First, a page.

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Deadly new pig virus could pose threat to humans, researchers say

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Researchers say they have identified a new pig virus that could be a threat to humans.

The virus was able to find its way into laboratory-cultured cells of humans and other species, a discovery that raises concerns about how a potential outbreak could affect people.

CBS Pittsburgh station KDKA reports researchers at The Ohio State University and Utrecht Universityin the Netherlands collaborated to better understand the new virus, identified as porcine deltacoronavirus. Their study appears online in the journal PNAS.

Scientists say the virus was first discovered in pigs in China in 2012 but it was not associated with disease. It was first detected in the United States in 2014 during a diarrhea outbreak in Ohio pigs and has since been detected in other countries, as well.

Pigs infected with the virus can experience acute diarrhea and vomiting that may be fatal.

"We're very concerned about emerging coronaviruses and worry about the harm they can do to animals and their potential to jump to humans," said Linda Saif, an investigator in Ohio State's Food Animal Health Research Program at the Ohio Agricultural Research and Development Center.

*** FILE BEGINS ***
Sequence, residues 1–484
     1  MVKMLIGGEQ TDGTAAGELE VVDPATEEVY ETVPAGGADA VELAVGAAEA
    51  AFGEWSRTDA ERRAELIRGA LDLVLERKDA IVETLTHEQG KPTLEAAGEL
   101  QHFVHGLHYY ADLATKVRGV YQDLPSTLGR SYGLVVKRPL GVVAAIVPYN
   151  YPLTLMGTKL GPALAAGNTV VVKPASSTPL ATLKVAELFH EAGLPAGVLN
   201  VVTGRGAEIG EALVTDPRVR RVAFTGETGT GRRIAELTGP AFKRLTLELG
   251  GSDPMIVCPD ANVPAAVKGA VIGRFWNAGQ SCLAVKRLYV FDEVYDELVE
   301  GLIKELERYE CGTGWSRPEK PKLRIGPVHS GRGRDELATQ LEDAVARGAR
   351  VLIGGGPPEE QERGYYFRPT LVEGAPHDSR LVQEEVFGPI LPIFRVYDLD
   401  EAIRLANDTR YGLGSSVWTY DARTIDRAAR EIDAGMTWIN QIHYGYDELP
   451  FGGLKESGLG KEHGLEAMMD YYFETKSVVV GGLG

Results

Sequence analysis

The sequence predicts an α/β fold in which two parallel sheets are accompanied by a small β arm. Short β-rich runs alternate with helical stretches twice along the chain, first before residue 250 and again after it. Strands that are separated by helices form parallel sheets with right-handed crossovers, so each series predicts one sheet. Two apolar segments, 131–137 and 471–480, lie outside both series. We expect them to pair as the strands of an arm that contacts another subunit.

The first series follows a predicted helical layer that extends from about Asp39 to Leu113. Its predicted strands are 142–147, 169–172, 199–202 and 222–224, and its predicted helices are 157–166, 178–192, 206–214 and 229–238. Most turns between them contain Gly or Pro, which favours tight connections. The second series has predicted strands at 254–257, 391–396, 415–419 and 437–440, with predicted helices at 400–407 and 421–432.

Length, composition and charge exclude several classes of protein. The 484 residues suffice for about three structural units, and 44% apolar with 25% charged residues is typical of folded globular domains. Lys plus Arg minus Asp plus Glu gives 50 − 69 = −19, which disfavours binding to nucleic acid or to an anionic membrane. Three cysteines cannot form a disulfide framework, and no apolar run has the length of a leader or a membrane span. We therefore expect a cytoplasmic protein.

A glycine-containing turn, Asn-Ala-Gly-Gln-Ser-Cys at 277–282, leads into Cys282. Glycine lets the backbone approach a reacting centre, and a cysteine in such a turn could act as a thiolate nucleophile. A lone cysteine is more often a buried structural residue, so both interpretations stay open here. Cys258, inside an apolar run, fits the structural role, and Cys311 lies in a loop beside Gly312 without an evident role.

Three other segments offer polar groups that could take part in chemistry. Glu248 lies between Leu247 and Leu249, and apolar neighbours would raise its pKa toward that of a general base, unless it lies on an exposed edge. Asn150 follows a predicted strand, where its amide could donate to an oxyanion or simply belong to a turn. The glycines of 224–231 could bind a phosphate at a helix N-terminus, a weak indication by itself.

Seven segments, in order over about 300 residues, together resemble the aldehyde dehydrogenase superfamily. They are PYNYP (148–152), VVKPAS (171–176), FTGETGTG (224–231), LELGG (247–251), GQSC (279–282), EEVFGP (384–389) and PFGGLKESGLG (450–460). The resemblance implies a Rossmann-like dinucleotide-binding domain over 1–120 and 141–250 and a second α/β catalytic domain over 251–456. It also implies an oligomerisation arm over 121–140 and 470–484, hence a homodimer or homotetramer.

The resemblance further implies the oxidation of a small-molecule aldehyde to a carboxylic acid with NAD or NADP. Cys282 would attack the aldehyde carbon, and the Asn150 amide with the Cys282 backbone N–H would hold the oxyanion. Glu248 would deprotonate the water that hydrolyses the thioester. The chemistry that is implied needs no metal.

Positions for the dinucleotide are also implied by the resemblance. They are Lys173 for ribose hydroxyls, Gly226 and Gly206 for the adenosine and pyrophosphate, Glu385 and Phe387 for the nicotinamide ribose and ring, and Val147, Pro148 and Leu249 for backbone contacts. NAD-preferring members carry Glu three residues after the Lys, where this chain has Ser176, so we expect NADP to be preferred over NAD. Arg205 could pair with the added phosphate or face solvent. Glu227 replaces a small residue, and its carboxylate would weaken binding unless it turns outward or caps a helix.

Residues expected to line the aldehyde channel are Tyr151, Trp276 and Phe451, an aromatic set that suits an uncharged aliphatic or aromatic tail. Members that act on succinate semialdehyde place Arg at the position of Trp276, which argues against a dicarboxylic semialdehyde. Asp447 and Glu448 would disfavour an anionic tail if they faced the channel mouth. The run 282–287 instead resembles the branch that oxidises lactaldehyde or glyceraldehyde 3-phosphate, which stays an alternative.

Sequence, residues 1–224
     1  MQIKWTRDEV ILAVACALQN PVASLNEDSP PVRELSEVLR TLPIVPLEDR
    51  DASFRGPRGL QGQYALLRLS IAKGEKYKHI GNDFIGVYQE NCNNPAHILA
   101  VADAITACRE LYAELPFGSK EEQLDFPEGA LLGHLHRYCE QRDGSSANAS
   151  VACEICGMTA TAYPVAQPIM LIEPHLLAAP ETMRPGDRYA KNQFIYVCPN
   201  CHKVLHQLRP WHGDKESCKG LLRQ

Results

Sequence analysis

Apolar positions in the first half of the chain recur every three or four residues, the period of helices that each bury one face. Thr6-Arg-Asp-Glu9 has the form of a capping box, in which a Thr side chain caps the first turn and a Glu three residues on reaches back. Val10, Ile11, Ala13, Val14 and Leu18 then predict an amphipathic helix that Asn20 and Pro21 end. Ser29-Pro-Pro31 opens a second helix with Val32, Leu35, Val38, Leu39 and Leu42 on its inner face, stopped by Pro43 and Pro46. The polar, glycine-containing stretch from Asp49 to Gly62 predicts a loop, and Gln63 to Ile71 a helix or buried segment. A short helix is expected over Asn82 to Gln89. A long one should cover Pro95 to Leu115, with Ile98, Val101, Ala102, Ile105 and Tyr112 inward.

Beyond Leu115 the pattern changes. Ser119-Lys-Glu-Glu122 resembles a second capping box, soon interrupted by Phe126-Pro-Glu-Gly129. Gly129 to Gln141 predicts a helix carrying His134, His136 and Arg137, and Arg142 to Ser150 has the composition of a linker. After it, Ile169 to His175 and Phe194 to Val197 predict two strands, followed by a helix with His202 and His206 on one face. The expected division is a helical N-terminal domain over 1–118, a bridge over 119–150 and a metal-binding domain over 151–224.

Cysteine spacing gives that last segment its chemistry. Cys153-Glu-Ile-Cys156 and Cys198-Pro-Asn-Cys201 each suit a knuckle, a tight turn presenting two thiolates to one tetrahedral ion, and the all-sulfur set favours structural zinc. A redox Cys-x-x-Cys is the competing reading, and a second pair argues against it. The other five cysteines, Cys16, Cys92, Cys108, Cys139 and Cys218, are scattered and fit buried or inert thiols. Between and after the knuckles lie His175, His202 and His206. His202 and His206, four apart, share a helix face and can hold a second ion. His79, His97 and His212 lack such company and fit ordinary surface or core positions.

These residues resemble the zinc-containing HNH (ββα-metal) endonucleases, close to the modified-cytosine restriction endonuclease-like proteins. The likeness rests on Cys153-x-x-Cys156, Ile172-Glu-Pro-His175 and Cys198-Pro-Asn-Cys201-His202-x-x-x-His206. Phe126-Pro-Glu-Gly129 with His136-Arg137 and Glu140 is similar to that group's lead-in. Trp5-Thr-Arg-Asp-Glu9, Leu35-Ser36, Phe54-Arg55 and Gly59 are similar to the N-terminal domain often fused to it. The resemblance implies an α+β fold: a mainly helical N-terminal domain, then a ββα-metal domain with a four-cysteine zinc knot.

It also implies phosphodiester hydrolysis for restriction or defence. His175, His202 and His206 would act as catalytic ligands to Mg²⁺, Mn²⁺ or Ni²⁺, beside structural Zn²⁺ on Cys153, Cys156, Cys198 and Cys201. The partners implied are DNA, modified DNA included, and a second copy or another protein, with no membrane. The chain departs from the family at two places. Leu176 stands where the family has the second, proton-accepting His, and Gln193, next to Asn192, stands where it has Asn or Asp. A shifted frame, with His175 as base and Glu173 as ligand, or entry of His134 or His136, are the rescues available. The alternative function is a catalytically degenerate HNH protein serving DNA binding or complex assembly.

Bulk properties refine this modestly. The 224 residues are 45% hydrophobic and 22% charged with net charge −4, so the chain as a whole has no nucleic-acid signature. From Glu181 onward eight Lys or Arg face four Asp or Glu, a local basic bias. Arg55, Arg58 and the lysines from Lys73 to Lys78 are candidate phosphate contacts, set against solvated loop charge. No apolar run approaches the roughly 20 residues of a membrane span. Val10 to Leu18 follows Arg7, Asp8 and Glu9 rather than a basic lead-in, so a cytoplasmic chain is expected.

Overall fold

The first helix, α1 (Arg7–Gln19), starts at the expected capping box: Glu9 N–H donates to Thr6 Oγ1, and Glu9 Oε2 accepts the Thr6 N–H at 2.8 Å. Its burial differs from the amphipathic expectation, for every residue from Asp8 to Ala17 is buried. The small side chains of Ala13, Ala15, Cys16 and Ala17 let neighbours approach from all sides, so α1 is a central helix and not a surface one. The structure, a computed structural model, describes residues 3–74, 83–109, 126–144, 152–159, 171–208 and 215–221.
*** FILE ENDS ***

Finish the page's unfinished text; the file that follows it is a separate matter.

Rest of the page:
There have been no human cases of illness documented from the virus. But scientists are concerned because of the virus' similarity to SARS (Severe Acute Respiratory Syndrome) and MERS (Middle East Respiratory Syndrome) -- two other viral diseases that originated in animals and went on to kill people.

Saif says for now, porcine deltacoronavirus has only affected human cell cultures in a laboratory setting -- no actual people got sick. The virus was also able to bind to receptors in cells from cats and chickens.

Scientists say the next step is working to understand the virus and its potential for human infection, and looking for antibodies in the blood that would serve as evidence that the pig virus has previously infected people.

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